Knowing you, I'd say you overheard Marriott and Helen...
making some sort of arrangements about the jade.
You knew they had been holding hands.
- You didn't like that. - I didn't kill him.
You don't like anybody that has anything to do with Helen.
- Are you trying to reform her? - I hate her!
That doesn't make sense.
I hate her, but she's married to my father and she means a great deal to him.
I'm fond of my father. It's more than being fond...
It's not something you'd understand, because it doesn't involve money.
I just don't want anything to hurt him.
A guy playing around with his wife...
a guy like Marriott: That would hurt him.
If he killed Marriott, you'd protect him. It's been done before.
- There's no age limit on jealous husbands. - Not Father!
I don't buy it, either... yet.
I was just trying it on for size. A lot of things still don't fit.
I don't know how you showed up at my office the next day, making like a reporter.
- Whose handwriting is this? - I found it on Marriott.
You went through his pockets? That took a strong stomach.
- How'd you like to work for me? - I'm flattered.
I'm also tired of you. And I've got a date. Go home.
I can't. There's a little bundle on my doorstep named Nulty...
who's playing at not looking like a cop.
But he's terrible at it.
Get rid of him.
Tell him you decided to have a quiet little supper here with me.
- Yes? - I'd like a word with your boyfriend.
- Well, I really don't... - Come in, Lieutenant.
Thanks to you guys, my love life's going to pieces.
I've been looking for you for three days. Let's go.
We were sitting down to soft-boiled eggs and scotch. You wouldn't join us?
The last time I saw you, I gave you good advice.
- I guess it didn't take. - I didn't bother your little pal Amthor.
I didn't get around to it. He got to me.
- He gave me quite a party. - How did it go?
What'll it buy me? This is straight.
You'd like to get Amthor, I'd like to help you.
He annoyed me a little. Let you have it cheap.
I just get to finish my dinner.
- Okay. - Come in, Nulty. Make yourself at home.
Amthor's a tough cookie.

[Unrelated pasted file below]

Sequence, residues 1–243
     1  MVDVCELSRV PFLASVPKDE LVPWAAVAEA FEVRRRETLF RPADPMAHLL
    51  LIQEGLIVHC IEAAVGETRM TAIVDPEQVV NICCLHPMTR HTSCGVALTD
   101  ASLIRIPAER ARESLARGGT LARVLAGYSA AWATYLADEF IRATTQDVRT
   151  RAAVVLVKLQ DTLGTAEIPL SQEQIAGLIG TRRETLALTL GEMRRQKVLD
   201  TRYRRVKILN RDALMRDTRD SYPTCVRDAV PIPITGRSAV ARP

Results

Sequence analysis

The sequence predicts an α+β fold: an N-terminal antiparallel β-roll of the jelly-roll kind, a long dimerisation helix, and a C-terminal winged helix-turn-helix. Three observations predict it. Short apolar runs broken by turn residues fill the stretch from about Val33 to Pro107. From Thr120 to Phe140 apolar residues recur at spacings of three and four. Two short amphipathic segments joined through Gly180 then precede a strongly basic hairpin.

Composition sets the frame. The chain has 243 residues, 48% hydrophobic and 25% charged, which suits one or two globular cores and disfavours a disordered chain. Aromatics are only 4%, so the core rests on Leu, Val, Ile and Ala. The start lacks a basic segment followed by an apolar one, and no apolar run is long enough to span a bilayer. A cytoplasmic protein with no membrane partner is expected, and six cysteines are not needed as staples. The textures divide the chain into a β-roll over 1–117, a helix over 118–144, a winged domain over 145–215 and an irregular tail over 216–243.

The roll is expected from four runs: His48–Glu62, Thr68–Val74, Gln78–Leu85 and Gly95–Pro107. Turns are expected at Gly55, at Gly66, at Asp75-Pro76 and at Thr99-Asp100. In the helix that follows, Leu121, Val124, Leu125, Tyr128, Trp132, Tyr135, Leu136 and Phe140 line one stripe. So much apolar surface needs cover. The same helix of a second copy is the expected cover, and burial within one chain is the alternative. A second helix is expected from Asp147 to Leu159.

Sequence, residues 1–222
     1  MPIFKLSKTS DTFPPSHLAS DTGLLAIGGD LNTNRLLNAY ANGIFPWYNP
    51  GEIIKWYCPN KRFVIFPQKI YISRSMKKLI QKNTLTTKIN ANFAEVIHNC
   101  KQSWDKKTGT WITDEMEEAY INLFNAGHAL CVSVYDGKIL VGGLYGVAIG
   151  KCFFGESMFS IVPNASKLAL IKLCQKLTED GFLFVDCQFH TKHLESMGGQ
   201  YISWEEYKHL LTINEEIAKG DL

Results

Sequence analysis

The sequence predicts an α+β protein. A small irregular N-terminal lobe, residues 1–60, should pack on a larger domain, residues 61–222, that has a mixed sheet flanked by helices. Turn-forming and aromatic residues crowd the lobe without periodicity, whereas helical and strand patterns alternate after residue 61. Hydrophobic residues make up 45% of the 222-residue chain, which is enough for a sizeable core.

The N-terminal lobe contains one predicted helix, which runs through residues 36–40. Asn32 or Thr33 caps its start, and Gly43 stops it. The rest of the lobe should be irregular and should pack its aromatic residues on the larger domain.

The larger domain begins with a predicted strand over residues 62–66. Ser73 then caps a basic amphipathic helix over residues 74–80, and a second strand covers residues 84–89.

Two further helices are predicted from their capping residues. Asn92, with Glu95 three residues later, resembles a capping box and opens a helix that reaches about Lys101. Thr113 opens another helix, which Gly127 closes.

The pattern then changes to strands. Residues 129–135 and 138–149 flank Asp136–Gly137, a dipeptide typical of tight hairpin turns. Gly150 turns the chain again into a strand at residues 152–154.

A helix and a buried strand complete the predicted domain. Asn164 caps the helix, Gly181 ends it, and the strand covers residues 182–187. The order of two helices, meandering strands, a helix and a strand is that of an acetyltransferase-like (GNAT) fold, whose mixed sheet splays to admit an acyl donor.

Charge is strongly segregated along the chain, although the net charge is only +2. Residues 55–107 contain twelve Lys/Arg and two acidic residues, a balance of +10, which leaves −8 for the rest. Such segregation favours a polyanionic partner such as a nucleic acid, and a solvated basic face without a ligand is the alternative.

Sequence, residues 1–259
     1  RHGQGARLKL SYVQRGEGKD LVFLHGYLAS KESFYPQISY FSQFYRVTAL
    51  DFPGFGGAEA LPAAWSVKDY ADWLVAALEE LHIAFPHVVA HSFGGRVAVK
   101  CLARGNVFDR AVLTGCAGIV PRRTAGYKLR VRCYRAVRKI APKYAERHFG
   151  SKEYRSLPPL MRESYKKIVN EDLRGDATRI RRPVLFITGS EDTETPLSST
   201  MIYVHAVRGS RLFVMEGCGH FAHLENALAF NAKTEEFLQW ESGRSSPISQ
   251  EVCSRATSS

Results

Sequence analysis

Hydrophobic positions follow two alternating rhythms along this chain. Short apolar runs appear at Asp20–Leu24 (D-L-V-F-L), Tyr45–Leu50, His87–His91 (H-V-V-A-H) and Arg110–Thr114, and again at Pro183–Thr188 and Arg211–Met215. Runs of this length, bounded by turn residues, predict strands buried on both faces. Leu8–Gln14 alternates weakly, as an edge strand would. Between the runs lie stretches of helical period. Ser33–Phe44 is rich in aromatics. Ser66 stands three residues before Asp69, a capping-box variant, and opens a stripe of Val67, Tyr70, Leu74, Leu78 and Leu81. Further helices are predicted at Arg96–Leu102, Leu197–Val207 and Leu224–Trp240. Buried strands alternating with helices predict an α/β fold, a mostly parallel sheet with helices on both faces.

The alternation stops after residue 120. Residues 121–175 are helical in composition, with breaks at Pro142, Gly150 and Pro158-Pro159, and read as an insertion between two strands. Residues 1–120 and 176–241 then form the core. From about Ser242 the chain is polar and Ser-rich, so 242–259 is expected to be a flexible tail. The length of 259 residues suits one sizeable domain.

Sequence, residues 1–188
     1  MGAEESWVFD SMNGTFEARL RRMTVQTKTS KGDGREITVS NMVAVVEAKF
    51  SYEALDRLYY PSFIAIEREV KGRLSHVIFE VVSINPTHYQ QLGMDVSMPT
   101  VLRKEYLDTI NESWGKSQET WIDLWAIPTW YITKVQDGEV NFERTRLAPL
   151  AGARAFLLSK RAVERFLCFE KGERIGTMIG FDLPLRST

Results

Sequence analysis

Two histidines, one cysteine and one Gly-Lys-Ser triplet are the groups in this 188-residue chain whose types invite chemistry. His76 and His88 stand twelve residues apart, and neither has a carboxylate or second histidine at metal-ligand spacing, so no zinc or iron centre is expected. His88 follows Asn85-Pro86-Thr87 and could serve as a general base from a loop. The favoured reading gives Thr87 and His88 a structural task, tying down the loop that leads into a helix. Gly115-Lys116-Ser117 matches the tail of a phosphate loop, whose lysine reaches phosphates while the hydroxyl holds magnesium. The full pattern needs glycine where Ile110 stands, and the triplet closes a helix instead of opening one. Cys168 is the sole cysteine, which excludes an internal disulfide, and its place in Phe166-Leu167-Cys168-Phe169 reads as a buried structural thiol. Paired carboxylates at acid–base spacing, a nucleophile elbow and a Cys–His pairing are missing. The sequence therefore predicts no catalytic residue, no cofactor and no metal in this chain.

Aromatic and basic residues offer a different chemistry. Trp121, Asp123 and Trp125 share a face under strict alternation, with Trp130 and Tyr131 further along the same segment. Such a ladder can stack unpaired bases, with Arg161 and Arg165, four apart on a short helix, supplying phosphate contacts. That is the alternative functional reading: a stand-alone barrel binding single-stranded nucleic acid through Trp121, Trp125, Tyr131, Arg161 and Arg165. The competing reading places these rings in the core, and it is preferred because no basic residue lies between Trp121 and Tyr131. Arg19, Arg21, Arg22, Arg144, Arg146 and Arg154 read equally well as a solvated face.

He works some complicated jewelry routine on gals...
who come to him with broken-down libidos.
- I think Marriott was his contact man. - Let's get to the new part.
The jewelry Marriott was buying back was a jade necklace...
belonging to one of Amthor's patients, worth about $100,000.
Marriott might've been crossing Amthor. Anyway, he fumbled the ball.
- It's a lot of theory. Let's go. - Amthor figured I picked it up.
He figured wrong. I disappointed him. I didn't have the jewelry and I didn't talk.
But he has a little rest home where you learn to talk.
It's operated by a guy who calls himself Dr. Sonderborg.
He's a whiz with a hypo. It's at 23rd and Descanso.
- Who owns this jade? - I told you. One of Amthor's patients.
- By the name of? - I don't know.
Sorry to bother you, Miss Grayle.
When were you out last to your father's place in Brentwood?
Not for several days. Is something wrong?
I'm buying your information this time. Don't make a habit of helping me.
I might get grateful and lock you up.
- How could he know about me? - I don't know.
That's what happens when a cop goes to college. He gets too smart.
Fix your face. We're on our way to Buckingham Palace.
What is it?
It's funny. About every third day, I get hungry.
Always have to stop and eat something.
You haven't got a razor, have you?
Never mind. I'll have to stop at my place, anyway. This suit's beginning to crawl.
I think I've got another one under the mattress.
- I'm a little beat for this kind of work. - You know, I think you're nuts.
You go barging around without a clear idea of what you're doing.
Everybody bats you down, smacks you over the head...
fills you full of stuff...
and you keep right on hitting between tackle and end.
I don't think you even know which side you're on.
I don't know which side anybody's on. I don't even know who's playing today.
Whatever's happening, you must believe in Father.
- He's no match for anybody. - Take it easy.
Randall probably picked up a scent leading from Marriott to Helen.
He may not have reached your father. Anyway, we'll know soon.
Skip the water and make that with scotch. Save time.
He must be in his workshop.
- What are you going to do? - I don't know. I was frightened.
- I am frightened. - The police been here?
- Yes. What's it all about? - We don't know yet.
Did they talk to your wife?
No. She's not been here since yesterday morning. I thought...
- Has she been with you? - What did they have to say?